How to Be a Responsible Traveler

Traveling responsibly does make a difference on the people and the places you visit. It’s a way of travel that this adventure travel agency in particular lives by, encourages, and prioritizes above anything else. Here’s the how and the why of it.


  1. Take Care of the Trails

This responsible travel tip goes far beyond simply throwing your trash in the trashcan rather than on the trail. It means cleaning up the trail where you can and when you can. Pack a trash bag in your pack for just this purpose and pick up what you find as you go. The trekkers following in your footsteps will thank you.

  1. Use the Correct Trash Bins

While we’re on the theme of trash, be sure to recycle and sort your trash into the proper trash bins as soon as you have an opportunity. On all of Explorandes’ treks, there’s a bag for organic waste and a bag for non-organic waste. Use them knowing that the organic waste will be headed for our compost pit and the non-organic will be treated at recycling facilities in Cusco.

  1. Use a Canteen

Minimize your waste and use of plastic by bringing your own reusable water bottle. It’s probably the easiest and most effective thing you can do as a responsible traveler. Better yet, invest in a steripen to make hydration even easier on the trail and throughout your Peru adventure.

  1. Avoid Disturbing the Animals

Though spectacular and like nothing you’ve ever seen before, do your best to keep any disturbance to the local wildlife to a minimum. This means keep your distance unless you’re quite literally at a zoo or animal sanctuary that encourages the direct interaction and never feed the wild animals. Your food is not their food and it could wind up doing some serious damage to their health.

  1. Don’t Take the Plants

Admire them, sure, but please do not touch or take the flora you encounter on your trip. For one, some of this flora might actually be poisonous and two, your touch could damage and play a part in the endangering of the species. Yes, it sounds extreme, and maybe it is, but with the sheer volume of travelers visiting Peru these days, it’s best to play it safe. Respect the flora, admire it, snap a photo of it even, but do not touch or take the plants home with you.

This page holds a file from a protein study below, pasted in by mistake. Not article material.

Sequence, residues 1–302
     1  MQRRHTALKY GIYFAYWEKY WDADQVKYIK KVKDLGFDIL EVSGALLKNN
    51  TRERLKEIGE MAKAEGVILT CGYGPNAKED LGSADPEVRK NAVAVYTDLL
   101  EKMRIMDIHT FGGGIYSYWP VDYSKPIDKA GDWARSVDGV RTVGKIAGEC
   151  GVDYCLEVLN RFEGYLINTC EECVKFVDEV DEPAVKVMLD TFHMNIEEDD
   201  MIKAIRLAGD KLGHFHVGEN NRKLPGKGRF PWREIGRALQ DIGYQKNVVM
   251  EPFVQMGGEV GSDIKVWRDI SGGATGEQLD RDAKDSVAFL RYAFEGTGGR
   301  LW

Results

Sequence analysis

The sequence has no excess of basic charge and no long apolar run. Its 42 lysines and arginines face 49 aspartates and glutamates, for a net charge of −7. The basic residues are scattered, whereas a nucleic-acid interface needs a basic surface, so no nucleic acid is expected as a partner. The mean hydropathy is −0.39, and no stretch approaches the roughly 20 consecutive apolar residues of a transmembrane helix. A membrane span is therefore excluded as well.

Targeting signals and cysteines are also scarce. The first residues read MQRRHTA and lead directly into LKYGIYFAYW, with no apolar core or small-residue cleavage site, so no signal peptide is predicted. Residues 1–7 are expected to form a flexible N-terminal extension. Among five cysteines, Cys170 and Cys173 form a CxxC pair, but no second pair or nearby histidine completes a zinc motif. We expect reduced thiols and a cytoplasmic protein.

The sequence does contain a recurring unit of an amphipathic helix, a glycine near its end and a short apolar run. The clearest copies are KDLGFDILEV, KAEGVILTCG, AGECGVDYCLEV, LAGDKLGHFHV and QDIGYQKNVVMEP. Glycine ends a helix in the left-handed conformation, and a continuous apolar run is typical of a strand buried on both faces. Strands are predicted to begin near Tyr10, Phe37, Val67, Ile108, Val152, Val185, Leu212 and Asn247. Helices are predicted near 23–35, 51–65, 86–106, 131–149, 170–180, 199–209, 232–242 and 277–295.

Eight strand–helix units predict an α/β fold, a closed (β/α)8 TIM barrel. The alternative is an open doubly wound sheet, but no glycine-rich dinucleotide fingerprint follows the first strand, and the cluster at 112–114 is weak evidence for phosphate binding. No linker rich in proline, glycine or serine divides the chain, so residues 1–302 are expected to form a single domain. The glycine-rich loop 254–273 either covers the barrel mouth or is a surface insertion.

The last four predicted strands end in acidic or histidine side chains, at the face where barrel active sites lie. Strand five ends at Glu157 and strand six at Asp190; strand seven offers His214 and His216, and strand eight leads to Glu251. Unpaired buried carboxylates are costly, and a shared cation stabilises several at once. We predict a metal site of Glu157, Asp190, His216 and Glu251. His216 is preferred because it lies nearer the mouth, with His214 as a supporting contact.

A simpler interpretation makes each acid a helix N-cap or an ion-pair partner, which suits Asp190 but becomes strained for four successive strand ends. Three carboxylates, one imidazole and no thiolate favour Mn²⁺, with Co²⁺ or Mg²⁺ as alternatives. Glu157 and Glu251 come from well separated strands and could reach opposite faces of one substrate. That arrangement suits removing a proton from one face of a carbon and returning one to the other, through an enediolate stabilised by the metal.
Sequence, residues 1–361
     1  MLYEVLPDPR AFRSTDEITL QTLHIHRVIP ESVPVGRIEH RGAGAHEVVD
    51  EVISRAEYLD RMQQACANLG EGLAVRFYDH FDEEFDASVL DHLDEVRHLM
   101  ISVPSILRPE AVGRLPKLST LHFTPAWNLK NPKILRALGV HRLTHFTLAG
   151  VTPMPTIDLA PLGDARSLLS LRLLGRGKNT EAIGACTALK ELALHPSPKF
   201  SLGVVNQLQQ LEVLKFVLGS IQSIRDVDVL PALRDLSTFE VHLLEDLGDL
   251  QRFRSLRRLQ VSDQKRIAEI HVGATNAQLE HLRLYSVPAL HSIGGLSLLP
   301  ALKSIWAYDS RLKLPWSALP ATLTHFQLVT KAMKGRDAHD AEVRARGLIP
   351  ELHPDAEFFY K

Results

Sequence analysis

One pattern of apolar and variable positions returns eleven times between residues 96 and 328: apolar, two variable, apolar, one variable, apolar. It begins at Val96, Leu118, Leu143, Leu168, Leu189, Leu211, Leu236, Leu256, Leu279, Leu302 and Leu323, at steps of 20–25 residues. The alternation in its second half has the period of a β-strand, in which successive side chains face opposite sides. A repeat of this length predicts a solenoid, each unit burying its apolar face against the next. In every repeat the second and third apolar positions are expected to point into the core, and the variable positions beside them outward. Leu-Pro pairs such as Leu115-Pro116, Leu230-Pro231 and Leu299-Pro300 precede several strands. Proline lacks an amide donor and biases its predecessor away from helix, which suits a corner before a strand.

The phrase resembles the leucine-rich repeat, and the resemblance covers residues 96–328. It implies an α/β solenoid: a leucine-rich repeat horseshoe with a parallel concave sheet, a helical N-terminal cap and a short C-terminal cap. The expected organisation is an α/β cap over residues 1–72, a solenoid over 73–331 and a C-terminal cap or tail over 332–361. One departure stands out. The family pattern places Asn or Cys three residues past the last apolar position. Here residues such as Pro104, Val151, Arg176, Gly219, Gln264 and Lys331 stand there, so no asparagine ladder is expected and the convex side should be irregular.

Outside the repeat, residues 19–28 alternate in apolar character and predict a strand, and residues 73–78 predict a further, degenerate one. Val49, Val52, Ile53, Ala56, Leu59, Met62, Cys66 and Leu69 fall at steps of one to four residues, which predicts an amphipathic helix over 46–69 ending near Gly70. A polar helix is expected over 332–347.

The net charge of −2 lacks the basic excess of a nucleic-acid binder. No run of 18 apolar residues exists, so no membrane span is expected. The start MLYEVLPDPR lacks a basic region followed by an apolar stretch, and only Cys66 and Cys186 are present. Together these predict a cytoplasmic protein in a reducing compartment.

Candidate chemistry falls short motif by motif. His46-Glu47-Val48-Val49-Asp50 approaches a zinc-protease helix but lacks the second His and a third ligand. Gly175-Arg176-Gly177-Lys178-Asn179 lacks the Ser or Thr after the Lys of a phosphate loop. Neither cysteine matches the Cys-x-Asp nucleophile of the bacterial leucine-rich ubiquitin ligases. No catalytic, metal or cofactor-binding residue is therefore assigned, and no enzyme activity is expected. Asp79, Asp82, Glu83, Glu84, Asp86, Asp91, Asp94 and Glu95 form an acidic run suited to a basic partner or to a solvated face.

1. Respect the Communities

You’ll meet and interact with plenty of local communities on your Peru trip. Practice respect for their way of life and traditions, ask before taking photos of anyone, and support them with your dollar if you can by purchasing a handicraft. Although, we never recommend giving tips or candy directly to the local people, especially the children. Instead, ask your guide how best to give back to the communities you visit.

  1. Respect the Field Staff

The field staff are the oil in the machine that make your trip function smoothly. Show them respect and that they’re appreciated and you’ll not only brighten their day, but you’ll be a part of keeping morale high and your trip seamless. At the end of the day, everyone appreciates a “thank you” and a show of appreciation, right?

  1. Respect Your Fellow Travelers

Part of being a responsible traveler involves showing respect to your fellow travelers, be it respecting the pace the guide sets based on the average abilities of the group or keeping it down in your tent or around the campfire after a certain hour. Follow the golden rule and you’ll find that your fellow travelers feel more like family by the trail’s end.

  1. Respect the Park Regulations

This responsible tourism tip is an obvious one. Park regulations exist for a reason and it’s always to keep you safe and to respect and conserve the environment that lured you there in the first place. Do your part to follow the rules the park has laid out, getting the proper permits to hike the Inca Trail or arriving within your designated time slot for your Machu Picchu or Huayna Picchu climb.


  1. Respect the Guide’s Decisions

Your guide is the only person in the group equipped with the knowledge and experience to identify all risks and to make the best decision for everyone involved. If he or she says that it’s not safe to hike a certain pass, respect that. If he or she says that it’s better that you return to lower elevations than push ahead, respect that. Part of your guide’s job is to keep you and the rest of the group safe.

  1. Support the Small Local Businesses

Any opportunity you get, spend your money at the small local businesses versus the large chain stores and supermarkets. Visit different restaurants and shops each day to spread your dollar even further and save your souvenir shopping for when you can purchase directly from the artisan themself.


  1. Don’t Smoke in Your Tent

Besides the safety risks, smoking in your tent ruins the gear and the experience for the next trekker that uses it. That scent is a tough one to get out. Refrain from smoking of any kind in your tent and, if you can bear the break, avoid smoking at all to decrease your risk of catching altitude sickness.

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